There were two, and at times three, music stores in Marquette in the mid-1960s. We visited them all several times and dad usually talked business while I gawked at the drum kits on display. About the time I thought it would ever happen, dad showed up home a couple of hours early from work and said, “Come on, we are going to buy your drums.” Borhner Music on Front Street had a silver sparkle Ludwig set just like the one Ringo played (okay, his had a black oyster shell finish) and dad had stopped in one day to arrange the deal. With me in tow, the salesman showed us the whole package and said, “I tell you what, Eddie, if you pay for it in full, I will send my guy over to set it up and give your boy one free drum lesson!”
I may not have been a trained economist, but even in seventh grade, I realized my State Police detective father wasn’t pulling in a big salary. We weren’t lacking for a roof over our head or food on the table, but we did a lot of things to stretch out the family budget. Surviving the Great Depression made my folks very good at doing a lot of things to make ends meet. We always had a garden and dad had learned the arts of tinkering with motors, carpentry, masonry, plumbing, and basic electrical work. We did a lot of D.I.Y. projects at home and camp. We always had a fire place so when we were done putting in enough wood for our needs, dad would sell his surplus at ten dollars a pickup load. If one has purchased a cord of wood more recently, one can do the math.
The Ludwig drum set they fronted me the money for clocked in at around $500. I say, ‘Fronted me the money for,” because I was compelled to help pay for it by pushing a lot of firewood. Today, just the drums alone (minus the stands and cymbals) can cost over two grand. In fact, the John Bonham series snare drum they sell now costs as much as my whole set did back then. I know I had the desire to learn to play but their show of faith in me doing so turned up the heat. Unlike my piano lessons, I turned my ‘one free lesson’ into a daily obsession. I made enough noise to have them suggest that I should perhaps move my drums to the basement instead of practicing in my bedroom. The drums arrived in April and near the end of May, I got surprise number two.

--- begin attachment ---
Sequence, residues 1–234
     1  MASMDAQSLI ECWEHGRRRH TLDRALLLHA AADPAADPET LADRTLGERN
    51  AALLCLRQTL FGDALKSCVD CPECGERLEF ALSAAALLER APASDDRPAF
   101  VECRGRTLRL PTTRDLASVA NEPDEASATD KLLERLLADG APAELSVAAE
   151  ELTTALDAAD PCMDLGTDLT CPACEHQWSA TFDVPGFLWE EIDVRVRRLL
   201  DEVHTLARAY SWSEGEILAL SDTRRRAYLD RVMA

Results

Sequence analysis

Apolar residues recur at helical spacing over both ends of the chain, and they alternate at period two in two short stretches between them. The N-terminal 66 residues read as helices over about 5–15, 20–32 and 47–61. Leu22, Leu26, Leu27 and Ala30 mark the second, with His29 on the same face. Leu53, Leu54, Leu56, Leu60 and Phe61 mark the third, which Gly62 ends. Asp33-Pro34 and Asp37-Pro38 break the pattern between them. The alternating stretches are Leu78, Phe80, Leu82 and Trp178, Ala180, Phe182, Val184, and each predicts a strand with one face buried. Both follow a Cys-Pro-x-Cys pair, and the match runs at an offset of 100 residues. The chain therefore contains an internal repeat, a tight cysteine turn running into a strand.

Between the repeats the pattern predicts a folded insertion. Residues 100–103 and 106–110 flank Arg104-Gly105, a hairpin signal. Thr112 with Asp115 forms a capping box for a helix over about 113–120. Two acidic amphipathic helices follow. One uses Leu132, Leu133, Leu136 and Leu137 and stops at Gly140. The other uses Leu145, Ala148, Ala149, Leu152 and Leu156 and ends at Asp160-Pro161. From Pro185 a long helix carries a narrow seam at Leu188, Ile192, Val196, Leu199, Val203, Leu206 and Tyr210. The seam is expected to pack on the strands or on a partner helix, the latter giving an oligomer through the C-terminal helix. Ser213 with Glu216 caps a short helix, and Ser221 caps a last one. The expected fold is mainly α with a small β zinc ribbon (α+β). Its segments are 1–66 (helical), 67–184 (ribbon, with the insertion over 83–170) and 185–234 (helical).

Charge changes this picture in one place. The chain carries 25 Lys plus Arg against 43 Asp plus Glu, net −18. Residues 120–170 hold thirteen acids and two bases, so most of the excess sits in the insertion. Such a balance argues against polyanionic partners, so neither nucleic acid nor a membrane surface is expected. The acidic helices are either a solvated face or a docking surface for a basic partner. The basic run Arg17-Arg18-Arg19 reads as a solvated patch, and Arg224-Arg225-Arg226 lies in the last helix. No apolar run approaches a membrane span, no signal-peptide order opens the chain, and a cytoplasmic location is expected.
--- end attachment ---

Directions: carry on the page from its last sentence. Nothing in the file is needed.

Mom and dad had watched me trying to play along with records on my sister’s little hardshell case turntable. The volume was so feeble, I would listen to the song and then play through it while humming along (my musical memory came in handy here). We had an old radio/turntable dating back to the seven years dad was at the L’Anse State Police post, but it was showing its age. To put it into perspective, it was purchased before I was born in 1953 and the ‘new’ US 41 route was just being cleared up the hill south of Bovine (the suburb of L’Anse near the golf course). This plays into the story because dad and a friend had an emergency landing on the two rut trail between the stumps on the ‘new’ road when their engine failed after taking off the airstrip that was located south of L’Anse. The pilot had offered to fly to Houghton to pick up this radio/turntable when it had arrived. In the end, dad decided driving to pick it up wasn’t such a bad idea.
Near the end of May, I had a whole month of learning to play my new set under me when I got home from school to find the folks had bit the bullet and had purchased a new solid state (as in, no more vacuum tubes to warm up when switched on) Magnavox stereo that now occupied the corner of the living room where the old 1950 unit had stood. Mom had a record playing and had one more surprise waiting. She pointed me downstairs and showed me the extension speaker for the stereo playing away on the shelf behind my drums. A dial on the unit upstairs could be set to play only the main speakers, the extension speakers, or both at the same time. The turn table spindle could be set up with multiple disks so I could stack them up, hit play, and then trundle downstairs to play my heart out (at the proper volume) until the stack ran out. This unit was pretty well worn out when the folks finally sold their home circa 2012, but I made sure I got the extension speaker when we cleaned out the house before it was sold.
Have you been encouraged and inspired by others in your life? I am betting you have. It took me nearly fifty years to finally write a thank you note to Mr. Aronson, but I am pretty sure remembering those who helped us along the way also makes a fitting tribute. Encouraging and inspiring others ourselves is another way to honor the legacy of those who did the same for us.
Top Piece Video: Kingfish doing his B.B.King thing in 2019.